After a week of vacation (which was excellent), I needed to go through the normal re-entry of catching up on all the emails I had missed in my absence. In the middle of the missives, it dawned on me how many newsletters I read. (I think I counted twenty from the last week?!?) They aren’t sales or promotions; those get spam-hammered immediately. These newsletters were from friends (or services) that I actually look forward to, and the fact they arrive as emails was actually really helpful, (better than just another piece of content floating on the internet.) Now, I can read the letter when I have time, and I’ll only have to go to the web if I find something interesting (and since it’s from a friend, chances are it will be.)
The greater internet (for me) is sort of a nightmare at the moment. It’s hard to find much that’s worthwhile. That which is interesting is usually crowded out by behemoth paid-by-the word, advertising-driven sites. I used to use the internet to find refuge from reality television, until the internet also became reality television. I just can’t do deep internet trawls anymore, but I very rely (and need) the web to serve up new inspirations and constantly help me reframe my world. (It’s actually why i’m so addicted to the information super highway.)
A good read is tough to find, (that which is valuable is rarely plentiful.) There’s a certain amount of hunt-and-gather that has always been the nature of the web. And as dorky as they are, RSS readers are excellent here (RIP Google Reader). Unfortunately, for me the stories I’d rather read are buried beneath sites counting down the top 10/20/50 best whatevers, with every entry serving up a new round of ads. (The latest in ad-driven internet crack.)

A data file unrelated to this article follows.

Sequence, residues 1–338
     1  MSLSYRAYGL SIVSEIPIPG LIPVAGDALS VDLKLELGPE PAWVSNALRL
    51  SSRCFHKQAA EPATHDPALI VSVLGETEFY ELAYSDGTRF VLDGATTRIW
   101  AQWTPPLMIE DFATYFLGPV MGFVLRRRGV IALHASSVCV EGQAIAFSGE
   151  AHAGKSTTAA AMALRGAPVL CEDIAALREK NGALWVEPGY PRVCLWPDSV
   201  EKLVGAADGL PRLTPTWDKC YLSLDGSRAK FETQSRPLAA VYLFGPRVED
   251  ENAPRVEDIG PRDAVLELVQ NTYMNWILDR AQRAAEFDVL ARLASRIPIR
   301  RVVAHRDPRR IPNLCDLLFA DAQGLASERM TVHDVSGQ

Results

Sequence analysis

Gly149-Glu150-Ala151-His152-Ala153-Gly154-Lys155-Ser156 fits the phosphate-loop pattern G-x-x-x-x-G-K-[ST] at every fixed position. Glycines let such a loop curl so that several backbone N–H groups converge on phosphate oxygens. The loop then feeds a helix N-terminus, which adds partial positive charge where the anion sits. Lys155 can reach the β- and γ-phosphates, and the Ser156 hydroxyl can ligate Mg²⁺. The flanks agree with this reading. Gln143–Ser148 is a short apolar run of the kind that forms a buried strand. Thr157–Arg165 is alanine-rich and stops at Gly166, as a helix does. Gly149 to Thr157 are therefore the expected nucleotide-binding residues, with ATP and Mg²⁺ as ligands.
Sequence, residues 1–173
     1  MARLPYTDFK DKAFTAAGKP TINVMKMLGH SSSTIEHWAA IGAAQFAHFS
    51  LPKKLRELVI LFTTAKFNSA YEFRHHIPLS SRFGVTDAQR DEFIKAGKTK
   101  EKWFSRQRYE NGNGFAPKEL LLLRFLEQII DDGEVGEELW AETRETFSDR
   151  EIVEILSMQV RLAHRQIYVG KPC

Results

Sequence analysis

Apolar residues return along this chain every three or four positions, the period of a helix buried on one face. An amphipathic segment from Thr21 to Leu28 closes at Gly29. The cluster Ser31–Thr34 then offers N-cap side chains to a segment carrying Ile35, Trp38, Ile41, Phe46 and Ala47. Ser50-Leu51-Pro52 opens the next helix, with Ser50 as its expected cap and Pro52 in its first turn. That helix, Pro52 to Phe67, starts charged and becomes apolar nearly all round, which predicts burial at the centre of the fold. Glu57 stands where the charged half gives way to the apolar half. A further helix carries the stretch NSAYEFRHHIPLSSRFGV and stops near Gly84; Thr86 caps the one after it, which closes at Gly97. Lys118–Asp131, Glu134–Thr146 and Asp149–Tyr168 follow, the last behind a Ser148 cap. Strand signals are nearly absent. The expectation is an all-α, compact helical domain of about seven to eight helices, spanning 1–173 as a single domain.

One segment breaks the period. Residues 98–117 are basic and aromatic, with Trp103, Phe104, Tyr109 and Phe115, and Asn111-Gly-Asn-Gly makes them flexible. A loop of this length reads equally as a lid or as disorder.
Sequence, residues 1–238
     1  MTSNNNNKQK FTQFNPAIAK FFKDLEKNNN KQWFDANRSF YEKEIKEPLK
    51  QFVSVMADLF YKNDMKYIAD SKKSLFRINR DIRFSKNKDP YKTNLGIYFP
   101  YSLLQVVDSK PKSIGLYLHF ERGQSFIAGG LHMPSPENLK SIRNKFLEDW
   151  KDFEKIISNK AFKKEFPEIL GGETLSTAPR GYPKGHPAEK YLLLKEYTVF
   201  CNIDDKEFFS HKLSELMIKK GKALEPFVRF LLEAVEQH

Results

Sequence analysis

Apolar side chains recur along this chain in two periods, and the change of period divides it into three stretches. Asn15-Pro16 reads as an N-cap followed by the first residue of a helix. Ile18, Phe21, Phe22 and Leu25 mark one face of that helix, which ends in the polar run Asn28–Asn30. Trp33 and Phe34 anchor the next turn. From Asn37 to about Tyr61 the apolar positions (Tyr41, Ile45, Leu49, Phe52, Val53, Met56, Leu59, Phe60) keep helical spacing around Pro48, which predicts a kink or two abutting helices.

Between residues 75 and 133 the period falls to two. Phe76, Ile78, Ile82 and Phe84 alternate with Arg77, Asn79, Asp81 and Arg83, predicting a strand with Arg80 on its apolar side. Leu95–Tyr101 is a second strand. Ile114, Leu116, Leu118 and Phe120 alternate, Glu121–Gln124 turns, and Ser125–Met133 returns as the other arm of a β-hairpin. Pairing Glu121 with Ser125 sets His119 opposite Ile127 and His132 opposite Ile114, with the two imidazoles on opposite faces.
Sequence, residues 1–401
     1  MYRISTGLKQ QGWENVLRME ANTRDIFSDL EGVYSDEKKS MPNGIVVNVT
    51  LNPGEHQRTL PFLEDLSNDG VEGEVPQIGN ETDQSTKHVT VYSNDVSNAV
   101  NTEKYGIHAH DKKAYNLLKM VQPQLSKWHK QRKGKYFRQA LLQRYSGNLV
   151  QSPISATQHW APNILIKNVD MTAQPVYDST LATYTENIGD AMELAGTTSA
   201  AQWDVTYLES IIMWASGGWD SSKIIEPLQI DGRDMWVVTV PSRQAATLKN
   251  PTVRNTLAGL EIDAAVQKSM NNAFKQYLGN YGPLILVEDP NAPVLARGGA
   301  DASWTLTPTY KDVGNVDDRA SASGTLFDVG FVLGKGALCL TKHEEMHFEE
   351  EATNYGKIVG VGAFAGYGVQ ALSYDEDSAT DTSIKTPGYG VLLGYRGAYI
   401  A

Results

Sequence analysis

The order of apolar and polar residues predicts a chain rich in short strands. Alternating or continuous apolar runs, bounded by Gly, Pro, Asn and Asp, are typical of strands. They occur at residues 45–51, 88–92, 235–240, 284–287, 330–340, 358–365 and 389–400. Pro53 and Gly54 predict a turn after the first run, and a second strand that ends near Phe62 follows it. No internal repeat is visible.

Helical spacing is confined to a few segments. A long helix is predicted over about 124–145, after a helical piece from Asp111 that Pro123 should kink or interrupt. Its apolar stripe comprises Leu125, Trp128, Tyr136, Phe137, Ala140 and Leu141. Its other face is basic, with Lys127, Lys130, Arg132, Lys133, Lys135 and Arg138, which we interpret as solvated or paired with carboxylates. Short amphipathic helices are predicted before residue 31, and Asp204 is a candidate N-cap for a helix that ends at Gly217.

Good content usually doesn’t live off ads, and it’s usually hidden deep in the niche, (the more different from your normal routine, the harder it is to find.) That content has a point of view and stirs something inside you. It inspires, or provokes, or has you seeing things you would have never seen. You can usually spot “good content” because it has a shelf-life. It’s worth reading/discussing several days/weeks after it’s published.
WIth that obvious rant out-of-the-way, here’s few newsletters I’m loving lately in-case you’re so inclined….
- Just Another Crowd by Sean Bonner – technology, anti-establishment, and antagonism from my favorite misanthrope.
- The Ann Freeman Weekly – #realtalk about journalism, feminism, and spirit animals.
- Tuesday Ten by Rosie Simon – The best of current culture, social media stunts, etc.
- Percolate Daily Brew – Five of the top articles suggested daily based on my Twitter feed (and their algorithm for weighting/rating content is *excellent*.) Not sure they support consumer web accounts anymore (pivot), but it looks like I can invite people; email me if interested.
- Quibb Daily – Quibb filters content to you based on your Twitter feed, (I wrote about them here previously.) It’s a great service, I just wish their audience had a little wider aperture (It’s mostly tech start-ups, VC blogs, 23-year-old know-it-all’s, etc….which I’m worn-thin on at the moment.) Still, I scan the newsletter daily and always find something I’m glad I saw.
I’m definitely on the hunt for inspired newsletters…if you have any favorites; email me, please. (I ended up closing the comments on this blog…the constant spam attacks were too much. (Death of the blog comment is another trend for another time.))